How animals survive the winter

Guest post by April Vaos

Living in Illinois, we’re lucky enough to enjoy a change of seasons. Though I often find it difficult to switch from the crunch of fall leaves to the crunch of snow, it can be a peaceful time to head outdoors. Recently, I went walking in Independence Grove in Libertyville, part of the Lake County Forest Preserves in northern Illinois. As I looked around in the quiet, contemplative landscape, I thought about the life that teemed all around me, and how it was now hidden from view or departed on a migration.

While leading winter walks, I’m often asked, “Where are all the animals?” It depends on the animal. Each employs different survival strategies that help it adapt and even thrive in winter. What, exactly, do animals do to make it through the challenges of cold temperatures and a lack of food? Well, I like to say they have MAD strategies: migrate, active and dormant.

When cool temperatures arrive in northern Illinois, so do dark-eyed juncos (Junco hyemalis). Not only do they visit Illinois, they migrate into all of the lower 48 states to spend a milder winter than where they’re from: Canada. Stock photo.
When cool temperatures arrive in northern Illinois, so do dark-eyed juncos (Junco hyemalis). Not only do they visit Illinois, they migrate into all of the lower 48 states to spend a milder winter than where they’re from: Canada. Stock photo.

Migrate: Many animals in Lake County migrate, or travel, from one place to another over short, medium or long distances to survive winter. It isn’t so much about the cold as the lack of food in winter. Food sources such as insects, plants and fish—which can’t be reached when waterbodies are frozen over—are largely unavailable.

Birds, butterflies and even bats are common migrators. Though we often think of animals migrating across hundreds or thousands of miles to different states or countries, they can also migrate short distances vertically. For example, some amphibians and insects burrow further down the soil horizon below the frost line to stay warm.

Lots of folks marvel over the long migration of monarch butterflies (Danaus plexippus), but hoary bats (Lasiurus cinereus) make extended flights, too. It’s believed that Illinois’ hoary bats migrate to southern California or Mexico for the winter, a 1,200-mile trip each way!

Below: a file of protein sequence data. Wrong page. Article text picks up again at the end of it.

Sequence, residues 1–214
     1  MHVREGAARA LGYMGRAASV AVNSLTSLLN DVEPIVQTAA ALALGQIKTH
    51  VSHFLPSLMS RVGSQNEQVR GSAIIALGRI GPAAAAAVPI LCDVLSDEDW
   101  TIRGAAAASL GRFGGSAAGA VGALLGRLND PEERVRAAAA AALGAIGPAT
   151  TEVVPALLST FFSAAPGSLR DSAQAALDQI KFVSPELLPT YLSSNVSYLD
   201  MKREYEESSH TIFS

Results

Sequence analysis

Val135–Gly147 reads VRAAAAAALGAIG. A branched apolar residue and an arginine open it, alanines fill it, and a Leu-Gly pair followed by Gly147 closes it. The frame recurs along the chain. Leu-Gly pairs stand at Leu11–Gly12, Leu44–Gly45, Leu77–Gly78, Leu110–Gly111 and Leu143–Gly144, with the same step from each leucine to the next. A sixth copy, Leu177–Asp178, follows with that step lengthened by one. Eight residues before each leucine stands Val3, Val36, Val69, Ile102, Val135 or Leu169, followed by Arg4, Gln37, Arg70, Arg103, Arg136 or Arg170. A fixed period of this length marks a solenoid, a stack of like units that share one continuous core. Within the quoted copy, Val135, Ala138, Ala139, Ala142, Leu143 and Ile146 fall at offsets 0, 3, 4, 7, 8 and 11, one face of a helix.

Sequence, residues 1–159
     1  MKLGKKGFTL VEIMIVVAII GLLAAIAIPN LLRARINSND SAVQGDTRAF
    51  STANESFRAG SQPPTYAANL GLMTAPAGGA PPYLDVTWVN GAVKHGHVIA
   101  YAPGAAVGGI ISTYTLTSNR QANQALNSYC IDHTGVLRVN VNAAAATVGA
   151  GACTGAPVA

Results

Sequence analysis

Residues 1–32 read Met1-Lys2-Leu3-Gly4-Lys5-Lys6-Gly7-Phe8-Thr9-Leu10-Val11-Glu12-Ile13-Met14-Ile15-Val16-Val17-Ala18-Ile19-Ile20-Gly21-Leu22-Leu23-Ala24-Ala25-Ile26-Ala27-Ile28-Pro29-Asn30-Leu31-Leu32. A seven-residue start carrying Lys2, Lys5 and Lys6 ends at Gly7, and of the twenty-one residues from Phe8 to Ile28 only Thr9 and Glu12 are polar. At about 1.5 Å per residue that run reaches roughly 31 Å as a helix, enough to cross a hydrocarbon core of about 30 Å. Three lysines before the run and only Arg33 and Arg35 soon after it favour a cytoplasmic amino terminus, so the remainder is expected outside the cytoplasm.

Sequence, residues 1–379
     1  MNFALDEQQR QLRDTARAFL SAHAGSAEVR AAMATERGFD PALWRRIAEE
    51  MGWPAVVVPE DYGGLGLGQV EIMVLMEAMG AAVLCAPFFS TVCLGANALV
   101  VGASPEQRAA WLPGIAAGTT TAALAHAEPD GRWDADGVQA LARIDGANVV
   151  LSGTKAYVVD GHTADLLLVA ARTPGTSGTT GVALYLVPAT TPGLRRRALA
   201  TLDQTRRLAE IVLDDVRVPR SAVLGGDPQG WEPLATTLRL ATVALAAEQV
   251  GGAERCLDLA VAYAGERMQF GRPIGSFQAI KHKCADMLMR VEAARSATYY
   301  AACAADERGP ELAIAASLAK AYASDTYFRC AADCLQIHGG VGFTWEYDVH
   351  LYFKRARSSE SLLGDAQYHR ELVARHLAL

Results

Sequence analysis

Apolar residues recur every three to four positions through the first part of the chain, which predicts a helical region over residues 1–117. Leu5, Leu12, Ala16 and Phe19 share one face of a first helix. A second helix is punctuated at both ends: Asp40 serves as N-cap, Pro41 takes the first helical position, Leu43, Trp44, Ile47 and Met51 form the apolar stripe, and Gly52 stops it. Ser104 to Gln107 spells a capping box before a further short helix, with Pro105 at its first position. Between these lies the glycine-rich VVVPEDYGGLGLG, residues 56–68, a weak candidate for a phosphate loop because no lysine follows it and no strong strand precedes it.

Hoary bats (Lasiurus cinereus) migrate to warm, southern locales for the winter. Photo © Merlin Tuttle.
Hoary bats (Lasiurus cinereus) migrate to warm, southern locales for the winter. Photo © Merlin Tuttle.

Active: Some animals remain active during winter. Doing so means they need to find food continuously to survive. To endure the weather, they may grow extra fur or build winter homes. Examples of animals that stay active include white-tailed deer (Odocoileus virginianus), coyotes (Canis latrans) and even channel catfish (Ictalurus punctatus).

Northern cardinals (Cardinalis cardinalis) are both the Illinois state bird and a great example of an active winter animal. Cardinals are permanent residents, forgoing southward migration. Due to the cardinal’s varied diet of seeds, fruits and insects, they can find enough food in Lake County year-round. While often called warm-blooded, a better term is endothermic, meaning cardinals can produce their own body heat.

Northern cardinals (Cardinalis cardinalis) are red year-round. They get their color from carotenoid pigments in the seeds and fruits they eat. Stock photo.
Northern cardinals (Cardinalis cardinalis) are red year-round. They get their color from carotenoid pigments in the seeds and fruits they eat. Stock photo.